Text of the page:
On the website La Revuelta de Las Neuronas, various authors based in Spain have published their reasons for supporting Syriza in the forthcoming Greek elections this Sunday. I am translating the first five here; another ten to come.
JOSÉ LUÍS CARRETERO: To accompany the struggle of the Greek people against the anti-social measures of the Troika and of the most voracious capitalism means supporting all of its manifestations. One of these is that of Syriza. Those of us who do not share the uncritical faith in parlamentarianism as the genesis of deep social changes, but who do understand that certain things are not a matter of principles but of strategy, can consider it feasible to raise a defensive wall against the tyranny of debt and the political imposition of governments of national concentration imposed by the global oligarchy.
The present hour is too serious for pettiness or purities. It is the moment for meeting each other in the streets and the squares, to generate new embraces, to contaminate each other beyond the lines traced by senseless dogmatisms. It is in that place, dangerous and full of hope, where the working multitudes directly express their right to resistance, that we will recognise each other. That is the indispensable place that traces the borders. And, whereas effective commitment against cutbacks and misery is displayed through deeds, we will travel together the path toward dignity opened up by the Greek people and we will support all manifestations of their creativity in resistance. If we share struggles, we will share the future.
ANDRÉS VILLENA: The eurozone seems to be preparing to strengthen itself internally, but without counting with the Republic of Greece. The new left party represents the best synthesis between Europeanism, political solvency and criticism of the imbalances that have led us to this situation. From this force one hopes for the best negotiation with the creditor countries for remaining within, based on the condition of a proper restructuring of the debt and the possibilities of getting out of the snare that the troika has imposed on the Greek State.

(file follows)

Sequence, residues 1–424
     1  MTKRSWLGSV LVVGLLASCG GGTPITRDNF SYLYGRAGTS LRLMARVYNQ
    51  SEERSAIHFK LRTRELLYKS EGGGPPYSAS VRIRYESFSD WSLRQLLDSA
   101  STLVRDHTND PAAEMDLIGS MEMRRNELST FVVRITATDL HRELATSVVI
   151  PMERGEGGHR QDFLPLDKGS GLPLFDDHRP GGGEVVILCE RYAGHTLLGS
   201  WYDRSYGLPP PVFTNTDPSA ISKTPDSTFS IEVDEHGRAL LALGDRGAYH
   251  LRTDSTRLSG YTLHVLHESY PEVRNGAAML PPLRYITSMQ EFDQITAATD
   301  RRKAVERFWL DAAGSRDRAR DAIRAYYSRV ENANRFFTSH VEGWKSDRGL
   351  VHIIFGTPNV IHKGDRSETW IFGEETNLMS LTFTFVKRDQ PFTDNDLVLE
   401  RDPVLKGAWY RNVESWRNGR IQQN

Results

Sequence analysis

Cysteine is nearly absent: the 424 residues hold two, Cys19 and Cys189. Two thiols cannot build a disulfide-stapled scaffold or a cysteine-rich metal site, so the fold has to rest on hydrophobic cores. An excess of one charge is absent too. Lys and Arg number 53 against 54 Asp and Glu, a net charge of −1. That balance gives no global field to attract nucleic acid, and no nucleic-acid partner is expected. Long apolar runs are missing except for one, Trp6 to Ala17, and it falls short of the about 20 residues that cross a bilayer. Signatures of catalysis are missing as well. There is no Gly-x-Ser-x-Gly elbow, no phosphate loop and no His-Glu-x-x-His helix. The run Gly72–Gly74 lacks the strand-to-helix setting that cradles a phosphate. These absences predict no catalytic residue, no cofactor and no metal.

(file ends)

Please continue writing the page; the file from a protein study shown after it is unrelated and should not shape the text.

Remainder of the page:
JUAN DOMINGO SÁNCHEZ ESTOP: Rarely have I been angry at not being able to participate in elections. I know that, when these contribute toward the representation of the people, they silence the multitude by giving a voice to power. I do not accept elections that prevent me from deciding. Today, however, in Greece, for the first time in too many years, an election can constitute a decision, since one of the rising political forces, Syriza, represents something that power can never tolerate: the social movement that has made the reigning social order democratically unrepresentable and morally unpresentable.
Syriza occupies the vacuum of representation left by power, showing how the neoliberal looting of Greece, Europe and the world is incompatible with democracy, and it opens, as in Latin America, a space for the protagonism of the multitudes, of the everyday citizens. We are therefore witnessing a milestone in the difficult “conquest of democracy”. For this reason, our Greek comrades smile and power puts on a face like a funeral.
LILIANA PINEDA: Syriza expresses the mass rejection by the Greek people, broad and sufficiently resounding, of the antisocial economic measures imposed by the European Union, which draw on the lies they have told us to justify the destruction produced by capitalism in its final phase: the complete financialisation of economies, which cyclically promotes the formation of unsustainable public and private debt levels, with the object of appropriating everything that exists, and which only obeys the predatory interest of big transnational corporations.
SALVADOR LÓPEZ ARNAL: We should support Syriza, and other forces of the Greek left, out of internationalist solidarity, one of the best values of the left that has not given in, and because in Greece what is at stake -as has been at stake in other occasions and will happen in the future until the economic, political and social framework in Europe and the world is no longer what it is, an avaricious civilisation that is the enemy of humanity, of republican virtues and of Nature itself- an essential stage of the struggle that the European peoples are generating against the exploiters of workers, from the most disadvantaged sectors, against the destroyers of the Earth, against those who are prepared to consign justice, freedom and equality to the trash can of History.
Some years ago, Mrs Thatcher, a very representative figure of the soulless neoliberalism in which we are obliged to live, said it with clarity and ultraconservative arrogance: ‘Economics are the method; the object is to change the soul.” And they have continued with that. Syriza, other left forces and the outraged Greek citizens, who are combative and rebellious, are not proepared to let the same vampires as always to suck their blood, our blood, and to unceremoniously break their soul and ours into a thousand pieces. They want it all, even with the risk of ecosuicide. Faust is their reference point and any trace of humanity generates guffaws in their boards of directors and their government meetings.